Abortion Case Study: “Nancy Anders”
“Before I Had Time to Think”
– “Nancy Anders”
It was May 19, 1973. I was pregnant from a date rape. I had tried to hide it from my parents but of course they found out. Then the pressure started. “How are you going to go to college with a baby?” “How are you going to support it?” “It is only a blob of blood. It’s not a baby yet.” Before I had time to think about what I wanted, the abortion was over.
The abortion itself was like a living hell. I thought my guts were being pulled out. It was degrading and I was terrified. When it was over, something made me ask the doctor, “Was it a boy or a girl?” He answered, “I can’t tell. It’s in pieces.” The counseling consisted of throwing some birth control pills at me.
Its so hard to put into words how the abortion affected me. Looking back and knowing what I know now, I realize that I was going through almost classic Post-Abortion Syndrome. I became a tramp and slept with anyone and everyone. I engaged in unprotected sex and each month when I wasn’t pregnant I would go into a deep depression. I was rebellious. I wanted my parents to see what I had become. I dropped out of college. I tried suicide, but I didn’t have the guts to slit my wrists or blow my brains out. I couldn’t get my hands on sleeping pills, so I resorted to over the counter sleep aids and booze.
When that failed, I then tried to make relationships work with men, any man. I was driven with a need to have a child and knew if I was married my parents couldn’t do anything about it. Then I married in 1975. While my husband and I are still together, we have had to work extra hard because I married him for all the wrong reasons.
Five months after we were married my first child was born. I was in heaven. I doted on that baby. In three months, I was pregnant again. But this time we lost our baby at 6 months. Then the depression that I had conquered came back full force. I can remember thinking: “I deserve this pain. I killed a baby and now God has taken one from me. I deserve it.” The doctor felt that I had a weak cervix, a common aftereffect of abortion, and that the weight of the baby was too much for it and she just fell out. Four months later I was pregnant again.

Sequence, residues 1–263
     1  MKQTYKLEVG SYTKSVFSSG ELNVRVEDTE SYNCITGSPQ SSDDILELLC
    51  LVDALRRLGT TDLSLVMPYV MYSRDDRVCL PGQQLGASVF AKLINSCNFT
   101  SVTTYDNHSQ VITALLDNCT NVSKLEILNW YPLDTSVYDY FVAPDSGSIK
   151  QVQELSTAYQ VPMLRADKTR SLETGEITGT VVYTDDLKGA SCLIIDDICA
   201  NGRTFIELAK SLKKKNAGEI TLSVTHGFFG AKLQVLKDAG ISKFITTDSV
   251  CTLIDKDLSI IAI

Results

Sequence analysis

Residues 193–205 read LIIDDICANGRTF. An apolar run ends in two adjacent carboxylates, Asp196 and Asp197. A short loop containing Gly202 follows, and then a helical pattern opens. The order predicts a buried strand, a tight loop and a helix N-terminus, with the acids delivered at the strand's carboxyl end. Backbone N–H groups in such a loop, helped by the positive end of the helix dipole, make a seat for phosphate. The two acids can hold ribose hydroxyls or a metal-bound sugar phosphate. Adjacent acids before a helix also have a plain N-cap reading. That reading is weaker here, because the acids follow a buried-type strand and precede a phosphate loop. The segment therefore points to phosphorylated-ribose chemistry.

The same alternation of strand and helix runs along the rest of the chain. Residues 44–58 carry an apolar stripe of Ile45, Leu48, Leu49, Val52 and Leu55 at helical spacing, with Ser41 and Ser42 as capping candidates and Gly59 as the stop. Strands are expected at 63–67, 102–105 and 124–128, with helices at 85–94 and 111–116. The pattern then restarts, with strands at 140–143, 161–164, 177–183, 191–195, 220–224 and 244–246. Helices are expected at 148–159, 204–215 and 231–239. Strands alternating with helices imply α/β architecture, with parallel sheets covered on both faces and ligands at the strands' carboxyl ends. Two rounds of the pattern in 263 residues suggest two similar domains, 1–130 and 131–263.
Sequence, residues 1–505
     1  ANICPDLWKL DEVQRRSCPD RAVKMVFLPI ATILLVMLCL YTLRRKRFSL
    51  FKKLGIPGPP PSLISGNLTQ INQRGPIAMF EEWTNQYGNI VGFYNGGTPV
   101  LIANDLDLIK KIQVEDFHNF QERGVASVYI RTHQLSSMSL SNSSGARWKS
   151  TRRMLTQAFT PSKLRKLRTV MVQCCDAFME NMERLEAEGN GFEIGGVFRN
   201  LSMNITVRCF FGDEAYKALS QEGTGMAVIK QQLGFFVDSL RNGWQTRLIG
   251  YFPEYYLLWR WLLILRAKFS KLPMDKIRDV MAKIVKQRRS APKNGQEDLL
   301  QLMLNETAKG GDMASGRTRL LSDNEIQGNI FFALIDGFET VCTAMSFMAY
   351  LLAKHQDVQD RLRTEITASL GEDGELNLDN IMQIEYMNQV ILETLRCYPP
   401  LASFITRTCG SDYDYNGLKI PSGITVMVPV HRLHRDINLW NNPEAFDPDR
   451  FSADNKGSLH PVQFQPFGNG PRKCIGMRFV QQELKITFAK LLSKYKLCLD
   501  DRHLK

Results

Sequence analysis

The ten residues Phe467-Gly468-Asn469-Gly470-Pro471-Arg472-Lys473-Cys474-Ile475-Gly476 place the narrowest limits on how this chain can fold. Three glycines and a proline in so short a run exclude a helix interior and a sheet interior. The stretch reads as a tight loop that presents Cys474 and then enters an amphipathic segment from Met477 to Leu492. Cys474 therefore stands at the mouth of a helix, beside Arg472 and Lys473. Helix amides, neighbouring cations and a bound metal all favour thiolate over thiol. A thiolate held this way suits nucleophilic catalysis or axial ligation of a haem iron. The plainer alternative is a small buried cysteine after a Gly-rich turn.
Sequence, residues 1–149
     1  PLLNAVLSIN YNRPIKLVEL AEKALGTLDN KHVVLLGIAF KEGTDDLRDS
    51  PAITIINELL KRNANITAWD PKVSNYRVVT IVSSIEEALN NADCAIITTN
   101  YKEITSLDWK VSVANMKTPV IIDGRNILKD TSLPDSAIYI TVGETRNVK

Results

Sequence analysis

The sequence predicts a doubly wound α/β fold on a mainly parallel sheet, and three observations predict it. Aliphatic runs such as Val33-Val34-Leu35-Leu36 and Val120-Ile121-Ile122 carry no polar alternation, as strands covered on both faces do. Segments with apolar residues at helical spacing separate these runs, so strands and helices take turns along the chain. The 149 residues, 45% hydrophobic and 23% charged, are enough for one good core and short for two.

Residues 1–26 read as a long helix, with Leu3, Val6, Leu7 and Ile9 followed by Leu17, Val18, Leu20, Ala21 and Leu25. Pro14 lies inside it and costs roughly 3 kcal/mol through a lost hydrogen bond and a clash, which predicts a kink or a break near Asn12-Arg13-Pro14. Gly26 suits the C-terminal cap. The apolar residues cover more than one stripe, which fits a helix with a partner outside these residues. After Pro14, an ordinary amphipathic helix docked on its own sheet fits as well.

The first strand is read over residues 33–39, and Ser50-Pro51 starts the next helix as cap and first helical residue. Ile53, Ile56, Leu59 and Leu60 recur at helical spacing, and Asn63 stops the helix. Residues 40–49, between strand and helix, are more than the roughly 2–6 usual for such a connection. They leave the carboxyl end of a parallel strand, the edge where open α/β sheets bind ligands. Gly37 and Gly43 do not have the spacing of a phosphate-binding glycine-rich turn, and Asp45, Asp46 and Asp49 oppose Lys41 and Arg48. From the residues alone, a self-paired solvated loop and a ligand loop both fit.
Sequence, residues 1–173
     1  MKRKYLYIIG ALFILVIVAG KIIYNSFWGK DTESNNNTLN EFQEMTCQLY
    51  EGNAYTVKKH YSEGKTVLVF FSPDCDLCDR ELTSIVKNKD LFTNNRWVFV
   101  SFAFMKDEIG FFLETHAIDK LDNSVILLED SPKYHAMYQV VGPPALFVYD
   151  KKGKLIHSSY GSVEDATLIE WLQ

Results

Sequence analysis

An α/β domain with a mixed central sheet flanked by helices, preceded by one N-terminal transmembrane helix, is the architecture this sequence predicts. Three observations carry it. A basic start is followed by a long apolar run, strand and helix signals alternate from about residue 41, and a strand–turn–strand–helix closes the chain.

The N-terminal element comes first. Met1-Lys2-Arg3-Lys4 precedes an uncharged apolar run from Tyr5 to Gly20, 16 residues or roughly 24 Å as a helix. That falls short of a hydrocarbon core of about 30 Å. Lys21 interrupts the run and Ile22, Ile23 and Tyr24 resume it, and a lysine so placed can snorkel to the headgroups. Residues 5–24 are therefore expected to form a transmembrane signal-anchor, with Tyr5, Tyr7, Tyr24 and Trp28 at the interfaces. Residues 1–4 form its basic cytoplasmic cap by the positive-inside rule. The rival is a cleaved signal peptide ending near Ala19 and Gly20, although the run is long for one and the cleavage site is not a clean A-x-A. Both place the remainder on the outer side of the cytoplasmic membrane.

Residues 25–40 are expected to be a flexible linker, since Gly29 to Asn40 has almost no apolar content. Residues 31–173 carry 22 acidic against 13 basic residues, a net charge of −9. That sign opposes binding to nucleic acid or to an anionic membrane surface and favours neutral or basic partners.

It is hard to explain this need to keep having babies, but I did. From 1976 with the birth of my first living child, to 1985 at the birth of my fourth and final living child, I was pregnant a total of eight times. With the birth of my last child the doctor didn’t leave me any choice but to quit having children if I wanted to live to see the ones I had grow up.
In trying to deal with the abortion, I had to face what I had done and beg forgiveness from my God. The hardest thing of all is trying to forgive myself. It is a daily struggle to accept the forgiveness I know the Lord has given me. And I will never forget it. Only now I don’t want to forget it, because it keeps me from getting complacent. I know if it helps others, I can talk about it. It always makes me cry, but if it saves just one mom and baby the pain, it’s worth it.
I joined our local Right to Life and crisis pregnancy center. I have also had to forgive my parents. I can still remember when I walked into my Mom’s house and threw down a picture of an aborted fetus and snarled, “See what you made me do?” She has since become pro-life herself and has told me how sorry she is. I still have to fight against my anger at my Dad, because he still won’t admit the abortion was wrong, at least for me.
Do all these things help? That’s a hard one. Sometimes it does and sometimes the depression is too strong and time has to pass. Not a day goes by that the abortion doesn’t cross my mind. It is a constant struggle trying to overcome my guilt and depression, even knowing I have been forgiven. I dread the day when I have to come face to face with my little child and explain to her why mamma took her life. But I also think I am a softer, more caring person than I might have been. If not for the abortion, I might have turned out “pro-choice.”
Originally published in The Post-Abortion Review 2(1),Winter 1993 Copyright 1993 Elliot Institute